The Kay Jewelers store in Bradley's Northfield Square Mall was robbed Monday. Police are looking for a Hispanic male driving a silver-colored Chrysler 300. The man asked a clerk to look at some merchandise, then grabbed the items and fled.
Police stated the subject never said he had a weapon. He led police on a chase through parts of Bradley and Bourbonnais.
IROQUOIS MEMORIAL HOSPICE Recognized as a We Honor Veterans Partner
Watseka— It may surprise many people to learn that 25 percent of those who die every year in the U.S. are Veterans. To help provide care and support that reflect the important contributions made by these men and women, Iroquois Memorial Hospice has become a national partner of We Honor Veterans, a pioneering campaign developed by National Hospice and Palliative Care Organization in collaboration with the Department of Veterans Affairs.
As a We Honor Veterans Partner, Iroquois Memorial Hospice will implement ongoing Veteran-centered education for their staff and volunteers to help improve the care they provide to the Veterans they proudly serve. The nation is seeing many of the Veterans who served in World War II and Korean pass away—and the number of deaths of Vietnam Veterans is beginning to rise.
The We Honor Veterans campaign provides tiered recognition to organizations that demonstrate a systematic commitment to improving care for Veterans. "Partners" can assess their ability to serve Veterans and, using resources provided as part of the campaign, integrate best practices for providing end-of-life care to Veterans into their organization. By recognizing the unique needs of our nation's Veterans who are facing a
life-limiting illness, Iroquois Memorial Hospice is better able to accompany and guide Veterans and their families toward a more peaceful ending. And in cases where there might be some specific needs related to the Veteran's military service, combat experience or other traumatic events, Iroquois Memorial Hospice will find tools to help support those they are caring for. "All hospices are serving Veterans but often aren't aware of that person's service in the armed forces," said J. Donald Schumacher, NHPCO president and CEO. "Through We Honor Veterans we are taking a giant step forward in helping hospice and palliative care providers understand and serve Veterans at the end of life and work more effectively with VA medical facilities in their communities."
"VA shares a common goal with our nation's hospices, and that is to provide the best possible care specifically tailored for Veterans, meeting their goals of care in their preferred setting. As we focus on working together and unite our services and skills, We Honor Veterans will channel our combined strengths directly to Veterans - wherever they are receiving care."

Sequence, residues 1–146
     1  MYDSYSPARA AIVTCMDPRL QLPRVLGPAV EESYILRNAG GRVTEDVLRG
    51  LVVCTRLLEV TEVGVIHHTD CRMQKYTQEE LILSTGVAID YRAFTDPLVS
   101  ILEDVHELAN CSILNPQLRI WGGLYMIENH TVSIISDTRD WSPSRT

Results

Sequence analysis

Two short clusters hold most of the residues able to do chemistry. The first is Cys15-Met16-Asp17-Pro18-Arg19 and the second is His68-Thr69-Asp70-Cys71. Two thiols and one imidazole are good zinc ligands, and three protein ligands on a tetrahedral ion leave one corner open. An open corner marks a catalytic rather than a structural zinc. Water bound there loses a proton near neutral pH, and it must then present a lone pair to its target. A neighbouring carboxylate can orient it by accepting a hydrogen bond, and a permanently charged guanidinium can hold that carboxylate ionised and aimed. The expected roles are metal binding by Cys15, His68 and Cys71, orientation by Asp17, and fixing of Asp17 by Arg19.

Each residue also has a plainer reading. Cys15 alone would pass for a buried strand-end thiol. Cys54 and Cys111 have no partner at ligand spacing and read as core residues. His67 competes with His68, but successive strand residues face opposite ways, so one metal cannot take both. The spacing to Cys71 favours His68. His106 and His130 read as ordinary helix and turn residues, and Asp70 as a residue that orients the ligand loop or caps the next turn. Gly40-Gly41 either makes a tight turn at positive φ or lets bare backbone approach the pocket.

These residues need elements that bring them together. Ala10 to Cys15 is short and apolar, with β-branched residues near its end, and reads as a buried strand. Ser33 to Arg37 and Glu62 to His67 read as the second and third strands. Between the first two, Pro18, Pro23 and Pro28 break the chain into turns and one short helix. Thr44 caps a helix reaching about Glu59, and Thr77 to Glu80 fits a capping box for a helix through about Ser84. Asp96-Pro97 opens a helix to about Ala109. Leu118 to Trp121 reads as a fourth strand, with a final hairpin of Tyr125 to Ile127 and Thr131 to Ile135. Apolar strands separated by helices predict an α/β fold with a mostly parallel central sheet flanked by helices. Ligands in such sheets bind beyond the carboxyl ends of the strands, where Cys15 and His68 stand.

The resources of We Honor Veterans focus on respectful inquiry, compassionate listening, and grateful acknowledgment, coupled with Veteran-centric education of health care staff caring for Veterans. To learn more about We Honor Veterans or to support this important work via a secure, online donation, please visit www.wehonorveterans.org.
"America's Veterans have done everything asked of them in their mission to serve our country and we believe it is never too late to give them a hero's welcome home. Now it is time that we step up, acquire the necessary skills and fulfill our mission to serve these men and women with the dignity they deserve," added Schumacher.
KAMEG agents (last Tuesday) arrested Barry L. Brown, age 38, of Kankakee, IL for delivery of a controlled substance within 1000 feet of a church. Brown was arrested near North Street and N. Euclid Avenue in Bradley after he delivered approximately 1.3 grams of cocaine.
On Wednesday, June 26th at approximately 5:56 p.m., KAMEG agents arrested Allen W. Piel Jr., age 42, of Sun River Terrace. During a drug investigation in the 400 block of N. 5th Avenue, Kankakee, Piel delivered (50) Vicodin pills. At the time of his arrest Piel possessed two additional pills. Piel was detained at the Jerome Combs Detention Center where he was held for unlawful delivery of a controlled substance within 1000 feet of a park and for unlawful possession of a controlled substance.
A crowd of well-wishers in Peotone welcomed home six Illinois Arm National Guard veterans Saturday. It was the largest "welcome home" event thrown by the Peotone Legion's Adopt a Soldier program.
Members of the 933rd Military Police Company returning from approximately three years in Afghanistan were paraded from Legion home to the Will County fairgrounds. They were on classified missions at four remote posts which included guard operations and prison escort.
Justin Hoogeweg, 21, of Peotone; Greg Prunsky, 21, of Frankfort; Jeffrey Blokel, 20, of Manteno; Brandon Johnson, 23, of Braidwood; Amanda Johnson, 22, of Braidwood; and Cooper Ider, 21, of Virdon, each with the rank of specialist, were escorted to Peotone American Legion Post 392 from the Will County Fairgrounds. Warriors Watch Riders, family, friends, World War II military vehicles, and Peotone police and fire vehicles created a raucous presence along a circuitous two-mile route into town.
Residential and downtown streets were lined with well-wishers waving American flags and cheering for the soldiers who sat waving from the bed of a large military transport vehicle. Utility poles and trees along the route were decorated with yellow ribbons, and homes and businesses decorated red, white, and blue for the Fourth of July were more than appropriate for the occasion.
After Sue Wackerlin, Adopt a Soldier program coordinator, welcomed the young soldiers and thanked them for their service, she invited the Vietnam veterans to the stage to honor them for the welcome "they deserved but never got."